If we take as our starting point the functional differentiation of modern society as analyzed by Durkheim, Parsons, Luhmann and others, we can view higher education institutions, in particular in the paradigmatic form of the public research university, as operating at the intersection of four societal subsystems: research, education, politics, and the economy. The first two are usually viewed as “internal” to higher education institutions, while politics and the economy are considered to belong to their environment. A variant of this view is the amalgamation of the first two as “academia,” and the corresponding conflation of the last two into “society” – giving the oft-used dichotomy of “the university vs. society," as if the university existed outside society.
From the perspective of academics performing their daily work, these are understandable and perhaps unavoidable simplifications. They, and they only, can provide society with research and higher education, but everything else (production and distribution of goods and services, political campaigning and decision-making, etc.) must be handled by others, elsewhere. Indeed, is precisely this form of specialization operating under conditions of autonomy which allows for the extremely complex performances we sometimes find in academic work.
From a societal viewpoint, however, it is obvious that HEIs, as organizations, are firmly incorporated into the political system through various legal and financial instruments (especially in Scandinavia). There is furthermore a mutual dependency between HEIs and the economic system in the shared expectation that the labor market will be able to hire most of their graduates, and that the “knowledge economy” will somehow be able, at least in the long run, to transform some of their research output into profits. If not, academia as we know it would not be possible. This obviously means that whereas the autonomy of the various systems will have to be respected, there are also issues regarding HEIs which are of concern to all the implicated function systems and their associated organizations, especially under conditions of societal change.
If the above is an adequate conceptualization of the societal condition of HEIs, a major concern becomes inter-systemic coordination in the policymaking field we usually call “higher education.” To formulate the question more precisely: Given that 1) the four involved function systems operate according to widely different system logics, 2) they are at the same time (and precisely therefore) mutually dependent upon each other, and 3) no master logic exists in modern societies which can legitimize a ranking order among them, - given these conditions, which forms of coupling mechanisms between them are necessary, and possible, in order to coordinate aspects of “higher education” which are of concern to the four implicated societal subsystems?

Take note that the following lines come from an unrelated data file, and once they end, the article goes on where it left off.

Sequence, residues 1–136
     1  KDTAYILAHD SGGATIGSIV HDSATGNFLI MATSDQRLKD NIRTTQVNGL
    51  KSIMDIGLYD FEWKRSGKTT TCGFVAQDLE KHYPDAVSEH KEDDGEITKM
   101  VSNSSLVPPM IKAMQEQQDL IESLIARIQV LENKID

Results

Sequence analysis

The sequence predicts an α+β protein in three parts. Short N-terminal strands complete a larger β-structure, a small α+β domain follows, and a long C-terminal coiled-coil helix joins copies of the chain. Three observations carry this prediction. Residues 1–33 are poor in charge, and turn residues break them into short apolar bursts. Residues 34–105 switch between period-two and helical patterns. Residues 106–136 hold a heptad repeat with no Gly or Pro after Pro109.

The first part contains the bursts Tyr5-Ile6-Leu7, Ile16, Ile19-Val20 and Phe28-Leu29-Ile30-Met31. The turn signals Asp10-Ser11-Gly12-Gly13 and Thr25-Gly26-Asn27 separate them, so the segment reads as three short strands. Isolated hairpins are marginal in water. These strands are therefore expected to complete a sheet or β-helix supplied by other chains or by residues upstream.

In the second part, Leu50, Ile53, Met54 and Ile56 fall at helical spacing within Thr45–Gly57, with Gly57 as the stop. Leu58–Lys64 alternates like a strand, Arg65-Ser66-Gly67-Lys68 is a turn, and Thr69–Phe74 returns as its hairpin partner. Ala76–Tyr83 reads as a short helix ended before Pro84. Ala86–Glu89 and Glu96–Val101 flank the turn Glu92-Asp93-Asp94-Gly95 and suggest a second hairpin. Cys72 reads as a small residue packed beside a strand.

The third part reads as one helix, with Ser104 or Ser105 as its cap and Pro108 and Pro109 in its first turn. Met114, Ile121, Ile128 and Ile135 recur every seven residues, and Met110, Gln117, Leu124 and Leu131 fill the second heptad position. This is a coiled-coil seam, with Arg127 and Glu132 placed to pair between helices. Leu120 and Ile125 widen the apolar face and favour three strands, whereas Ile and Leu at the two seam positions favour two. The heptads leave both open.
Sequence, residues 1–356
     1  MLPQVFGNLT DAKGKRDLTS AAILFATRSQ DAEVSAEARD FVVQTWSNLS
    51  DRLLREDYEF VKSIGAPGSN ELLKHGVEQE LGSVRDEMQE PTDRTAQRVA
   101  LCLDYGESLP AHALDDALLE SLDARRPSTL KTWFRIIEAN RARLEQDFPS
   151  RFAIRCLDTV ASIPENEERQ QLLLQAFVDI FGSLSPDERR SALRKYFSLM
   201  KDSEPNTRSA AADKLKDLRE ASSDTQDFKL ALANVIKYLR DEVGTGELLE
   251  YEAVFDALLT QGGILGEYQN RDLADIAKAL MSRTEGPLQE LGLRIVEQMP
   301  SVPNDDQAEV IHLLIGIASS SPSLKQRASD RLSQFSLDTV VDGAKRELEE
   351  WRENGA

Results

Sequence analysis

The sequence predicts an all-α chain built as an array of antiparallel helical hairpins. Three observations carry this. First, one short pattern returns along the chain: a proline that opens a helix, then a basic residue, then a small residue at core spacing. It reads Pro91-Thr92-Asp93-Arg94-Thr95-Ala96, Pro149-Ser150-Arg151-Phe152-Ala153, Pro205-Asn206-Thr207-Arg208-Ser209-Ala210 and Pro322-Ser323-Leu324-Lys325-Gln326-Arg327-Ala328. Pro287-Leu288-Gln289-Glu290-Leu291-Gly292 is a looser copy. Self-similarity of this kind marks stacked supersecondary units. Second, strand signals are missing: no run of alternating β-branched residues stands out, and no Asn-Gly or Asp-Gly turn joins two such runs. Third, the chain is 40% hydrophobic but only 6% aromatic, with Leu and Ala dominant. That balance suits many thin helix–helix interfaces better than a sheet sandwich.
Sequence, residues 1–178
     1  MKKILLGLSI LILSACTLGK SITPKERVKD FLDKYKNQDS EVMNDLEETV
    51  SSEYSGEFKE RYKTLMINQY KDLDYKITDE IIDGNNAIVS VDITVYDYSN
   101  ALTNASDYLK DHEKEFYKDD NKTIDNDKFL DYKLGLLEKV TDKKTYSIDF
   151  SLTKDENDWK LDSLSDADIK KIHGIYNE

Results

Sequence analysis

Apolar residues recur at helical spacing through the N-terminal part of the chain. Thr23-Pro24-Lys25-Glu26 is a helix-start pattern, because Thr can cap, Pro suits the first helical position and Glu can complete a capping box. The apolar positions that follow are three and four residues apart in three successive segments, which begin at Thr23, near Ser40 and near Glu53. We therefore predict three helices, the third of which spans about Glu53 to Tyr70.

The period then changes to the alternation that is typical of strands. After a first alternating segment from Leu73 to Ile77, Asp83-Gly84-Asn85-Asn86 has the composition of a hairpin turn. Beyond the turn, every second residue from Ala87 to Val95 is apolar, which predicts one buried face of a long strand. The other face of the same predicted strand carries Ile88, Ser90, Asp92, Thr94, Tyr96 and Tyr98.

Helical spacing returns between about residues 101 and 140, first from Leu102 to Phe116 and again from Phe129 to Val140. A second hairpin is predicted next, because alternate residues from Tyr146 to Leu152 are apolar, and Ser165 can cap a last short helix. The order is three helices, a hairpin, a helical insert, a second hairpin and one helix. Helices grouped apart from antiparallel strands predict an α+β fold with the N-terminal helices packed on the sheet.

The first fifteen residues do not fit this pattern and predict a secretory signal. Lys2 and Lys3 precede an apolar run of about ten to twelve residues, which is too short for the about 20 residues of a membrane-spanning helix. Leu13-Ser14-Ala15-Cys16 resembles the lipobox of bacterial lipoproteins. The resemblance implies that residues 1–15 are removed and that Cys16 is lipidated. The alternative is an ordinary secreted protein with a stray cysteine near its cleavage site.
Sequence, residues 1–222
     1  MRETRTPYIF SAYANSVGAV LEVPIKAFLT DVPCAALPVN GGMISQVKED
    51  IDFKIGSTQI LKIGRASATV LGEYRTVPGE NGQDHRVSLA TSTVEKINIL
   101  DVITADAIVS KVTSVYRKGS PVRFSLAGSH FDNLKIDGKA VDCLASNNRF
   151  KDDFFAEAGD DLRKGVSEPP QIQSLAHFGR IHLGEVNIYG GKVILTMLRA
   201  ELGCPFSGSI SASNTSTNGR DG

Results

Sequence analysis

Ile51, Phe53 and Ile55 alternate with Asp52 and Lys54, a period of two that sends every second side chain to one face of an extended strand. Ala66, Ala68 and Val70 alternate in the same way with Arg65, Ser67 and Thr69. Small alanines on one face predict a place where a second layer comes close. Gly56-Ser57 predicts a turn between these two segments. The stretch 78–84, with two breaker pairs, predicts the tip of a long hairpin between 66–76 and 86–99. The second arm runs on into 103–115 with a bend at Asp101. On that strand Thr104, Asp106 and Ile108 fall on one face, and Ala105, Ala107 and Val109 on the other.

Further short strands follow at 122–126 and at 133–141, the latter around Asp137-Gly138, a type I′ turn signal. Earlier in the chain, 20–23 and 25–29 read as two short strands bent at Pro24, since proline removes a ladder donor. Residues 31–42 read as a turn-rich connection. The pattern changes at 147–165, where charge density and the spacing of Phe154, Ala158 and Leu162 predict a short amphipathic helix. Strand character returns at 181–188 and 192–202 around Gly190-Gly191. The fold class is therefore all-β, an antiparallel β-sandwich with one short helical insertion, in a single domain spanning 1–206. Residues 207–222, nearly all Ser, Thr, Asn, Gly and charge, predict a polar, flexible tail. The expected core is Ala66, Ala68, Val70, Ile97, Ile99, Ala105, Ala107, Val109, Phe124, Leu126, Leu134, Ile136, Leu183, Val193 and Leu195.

In this paper I will provide an analysis of a frequently used administrative mechanism devised for this purpose, namely the temporary committee of inquiry. The empirical material studied will be documents pertaining to a series of five commissions of inquiry regarding higher education in Norway, spanning a period of almost fifty years: The Kleppe Committee (1960-61), The Ottosen Committee (1965-70), the Hernes Committee (1987-88), the Mjøs Committee (1998-2000), and the Stjernø Committee (2006-2008). Comparisons will be made with the use of temporary committees in Denmark and Sweden, especially in the 50s and 60s.
More specifically, I will investigate the rationale behind the use of temporary committees of inquiry, the contexts and procedures of committee work, the selection of members to sit on committees, and how the criteria for selection seem to have changed over time (fewer civil servants and politicians, more academics and social partners). I will also discuss the use of temporary committees as compared to an alternative which in Norway has been repeatedly suggested by several of the committees of inquiry themselves, as well as by parliamentary committees since the 1970s, namely a national standing committee or council for higher education. Such a body was established around 1970 in both Denmark and Sweden, but not in Norway. I conclude the paper by discussing some possible explanations for this discrepancy.
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